In life, sometimes you hear somebody say something and it resonates so deeply that it changes your perspective on everything. I had that experience when I was 11 years old; it changed everything.
I was a naturally curious child. I was always exploring, trying to find out how things worked and continuously asking questions. When I was at nursery and we had our afternoon naps, I’d sleep for 15 minutes and then start waking all the other kids up so we could play again. My nursery teachers eventually made me sleep in the staffroom so I couldn’t wake the other children. It was heaven; I got to ‘earwig’ on all their conversations.
When I was growing up we had a family friend who was a self-made multi-millionaire. I found him fascinating and always had a list of questions for him. Mum didn’t think that this successful man would be interested in the questions of an 11-year-old, so she often tried to limit my time with him. I, however, would try anything to get to talk to him.
One day we all went for a walk and I decided that this was my opportunity. He was very rich; I was 11 and not rich so I, logically, decided that asking him how he became rich might help me to follow in his footsteps. My mum clearly thought this ‘So Wally, how come you’re so rich?’ approach incredibly rude and told me to be quiet and stop asking questions.
His response? He told her off! It was a sweet moment for me I can tell you. He went on to give me some of the best advice I’ve ever received. He said, “Wendy, if you want to know the answer, ask the question.” and – more importantly – “If you want to be on the team, say ‘yes’ when they ask you to join.’
This simple and yet profound advice has stayed with me since then. His advice gave me the courage to ask questions and get involved in things I wouldn’t otherwise have dared to. The approach had worked for him so I figured it might work for me. This incredibly successful man had given me permission to take risks and to not fear failure.
What it means for us.
A recent survey found that successful CEOs were ‘more likely to say yes than to say no.’ This seems obvious, doesn’t it? If you want to make something happen – anything happen – you have to say ‘yes’, because saying yes opens a door for you in a way saying no never will.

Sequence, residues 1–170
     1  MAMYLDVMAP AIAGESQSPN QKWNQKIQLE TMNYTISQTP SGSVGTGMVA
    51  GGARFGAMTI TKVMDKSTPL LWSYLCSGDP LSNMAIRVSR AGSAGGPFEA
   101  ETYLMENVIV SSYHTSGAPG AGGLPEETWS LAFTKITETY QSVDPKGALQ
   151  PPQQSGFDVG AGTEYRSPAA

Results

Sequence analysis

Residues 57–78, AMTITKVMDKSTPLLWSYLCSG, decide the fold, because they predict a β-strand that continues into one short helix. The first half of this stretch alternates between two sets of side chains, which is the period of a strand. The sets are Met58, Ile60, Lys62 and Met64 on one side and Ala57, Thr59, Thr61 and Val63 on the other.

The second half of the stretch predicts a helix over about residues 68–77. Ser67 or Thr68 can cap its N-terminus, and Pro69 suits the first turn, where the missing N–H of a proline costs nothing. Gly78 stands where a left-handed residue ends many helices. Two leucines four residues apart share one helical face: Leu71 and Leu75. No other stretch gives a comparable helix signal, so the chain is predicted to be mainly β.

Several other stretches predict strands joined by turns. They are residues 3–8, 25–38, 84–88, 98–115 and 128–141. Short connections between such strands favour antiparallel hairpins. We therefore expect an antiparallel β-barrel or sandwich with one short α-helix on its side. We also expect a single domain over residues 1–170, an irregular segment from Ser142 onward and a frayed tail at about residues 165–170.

In my last job, part of my role was to invite people to speak at a conference. It was a privilege to do. Most people’s response was, ‘Yes of course, I’d love to do that.’ Pretty much the only people who ever said, ‘No thanks, I don’t think I can do that’ were women. Women seemed to see the hundred reasons why they couldn’t or shouldn’t take the opportunity while men seemed to see all the reasons they could and should.
One day I had to call someone I was just getting to know to ask them to speak. ‘Hi Rachel. I‘m just calling to ask you to…’ before I’d finished my sentence, she said, ‘Yes, I’ll do it.’ I pointed out that she didn’t know what I was actually asking her to do but she replied, ‘whatever you’re going to ask me to do, I’m going to say yes to it.’
Rachel’s reply was, and is, unique. Her view is that women often say no and rule themselves out before they even know what they are being asked. So her approach is to say yes and then find out more. And if the opportunity isn’t right for her, she’ll find someone who can do it better than she can.
“This incredibly successful man had given me permission to take risks and to not fear failure.”
In very different spheres Wally and Rachel and their say yes approach have made a significant impact. Wally’s company started with one lorry on a farm in East Anglia; it is now one of the largest haulage companies in the UK, employing thousands of people. Rachel started her career as youth worker on a Youth for Christ bus in East Anglia; she is now the National Mission and Evangelism Adviser for the Church of England.
It’s amazing where saying yes can lead you. So ask yourself; are you a yes person or a no person? Do you count yourself in or rule yourself out? Do you open the door or close it on yourself?
Wally and Rachel didn’t know where they’d end up when they started out. The same is true for you and I, but remember, if you say no you’ll probably never find out; you’ll just end up where you started – behind the door rather than through it.
So give it a go; say Yes. What have you got to lose?
~ WENDY BEECH-WARD
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